By Roberta Rampton and Sharon Begley
WASHINGTON (Reuters) - The U.S. government said it would take down the website at the center of President Barack Obama's healthcare reforms for an extended 11-hour period overnight on Friday as technology experts push to complete upgrades by a November 30 deadline.
The website, HealthCare.gov, was supposed to make it easy to shop for health insurance required by the Obamacare law when it launched on October 1, but quickly turned into a political disaster after errors and timelags prevented most people who visited the site from signing up.
Obama officials tasked with rescuing his signature initiative pledged that they would have it working well for most people by November 30.
They had worked on software and hardware upgrades through the U.S. Thanksgiving week to double its capacity so as many as 50,000 people could shop at the same time on the site.
Just ahead of that self-imposed Saturday deadline, the Centers for Medicare & Medicaid Services said the website would be down for an unusually long period, from 9 p.m. EST on Friday until 8 a.m. EST on Saturday.
"We will be making upgrades to the system and will require more than our usual four hours to complete," said a Health and Human Services official.
The agency, which is in charge of the website, has been taking the site down regularly overnight to make fixes, and will do so again early on Sunday morning from 1 a.m. EST until 5 a.m. EST.
HARD TO ASSESS THE FIX
The flopped launch has hurt early enrollment numbers - and Obama's polling numbers, which have sunk to the lowest level of his presidency.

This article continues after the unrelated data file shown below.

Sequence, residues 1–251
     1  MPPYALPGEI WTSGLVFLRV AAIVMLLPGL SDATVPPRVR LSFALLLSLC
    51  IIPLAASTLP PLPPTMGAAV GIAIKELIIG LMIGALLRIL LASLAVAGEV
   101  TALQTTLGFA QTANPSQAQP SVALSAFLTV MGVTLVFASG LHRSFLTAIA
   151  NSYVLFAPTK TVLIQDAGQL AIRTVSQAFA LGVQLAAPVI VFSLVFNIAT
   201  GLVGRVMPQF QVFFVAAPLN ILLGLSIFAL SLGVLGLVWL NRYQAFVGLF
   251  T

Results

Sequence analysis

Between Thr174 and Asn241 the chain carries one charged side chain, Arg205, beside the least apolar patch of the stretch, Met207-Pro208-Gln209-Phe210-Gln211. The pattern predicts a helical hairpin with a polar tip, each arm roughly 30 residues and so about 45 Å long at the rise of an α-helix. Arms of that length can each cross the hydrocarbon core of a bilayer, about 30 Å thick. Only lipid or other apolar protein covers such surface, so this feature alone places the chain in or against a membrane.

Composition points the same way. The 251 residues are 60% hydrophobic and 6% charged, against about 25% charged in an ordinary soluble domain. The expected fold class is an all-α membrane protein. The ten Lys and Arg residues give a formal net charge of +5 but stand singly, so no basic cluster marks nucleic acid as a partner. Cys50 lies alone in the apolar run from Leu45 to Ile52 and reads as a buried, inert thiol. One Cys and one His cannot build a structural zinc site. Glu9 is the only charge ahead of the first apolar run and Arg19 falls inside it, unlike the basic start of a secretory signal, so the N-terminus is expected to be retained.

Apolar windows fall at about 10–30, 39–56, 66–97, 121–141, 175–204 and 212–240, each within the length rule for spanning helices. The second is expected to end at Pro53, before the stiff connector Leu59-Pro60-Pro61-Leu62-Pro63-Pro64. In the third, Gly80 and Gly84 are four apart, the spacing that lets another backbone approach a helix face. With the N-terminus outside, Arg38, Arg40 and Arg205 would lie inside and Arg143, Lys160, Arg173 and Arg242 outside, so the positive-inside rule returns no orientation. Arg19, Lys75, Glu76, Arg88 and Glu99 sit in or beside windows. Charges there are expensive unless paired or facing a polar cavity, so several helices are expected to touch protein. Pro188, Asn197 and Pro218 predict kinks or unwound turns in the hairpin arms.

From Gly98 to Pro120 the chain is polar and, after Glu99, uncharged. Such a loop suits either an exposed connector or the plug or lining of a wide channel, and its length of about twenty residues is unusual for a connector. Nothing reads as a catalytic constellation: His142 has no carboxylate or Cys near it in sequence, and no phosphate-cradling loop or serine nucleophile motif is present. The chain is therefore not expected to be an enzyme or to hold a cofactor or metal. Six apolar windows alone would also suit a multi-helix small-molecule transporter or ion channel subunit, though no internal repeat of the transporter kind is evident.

"But the good thing about when you're down is that usually you got nowhere to go but up," Obama said in an interview set to air late on Friday on ABC Television.
Republicans have said the early failures justify their opposition to the program. Democrats have put pressure on Obama to extend deadlines for signing up.
Americans wanting insurance by January 1 have until December 23 to enroll, and other uninsured Americans have to sign up by March 31, or face penalties.
Several experts told Reuters it will be hard to independently assess on Saturday whether the site has met the administration's goals of functioning for most users most of the time, including handling 50,000 concurrent users.
"There won't be anything you can tell from the outside," said Jonathan Wu, an IT expert and co-founder of the consumer financial website ValuePenguin.
When the site opened for enrollment on October 1, the widespread failures started with the simple act of trying to create an account. But now, any remaining problems lie much deeper within the site, he said.
"We really have no idea what down-the-line-problems still may exist," including the system for paying insurers when a consumer enrolls in one of their plans, he said in an interview.
(Reporting by Roberta Rampton; Editing by Sandra Maler)
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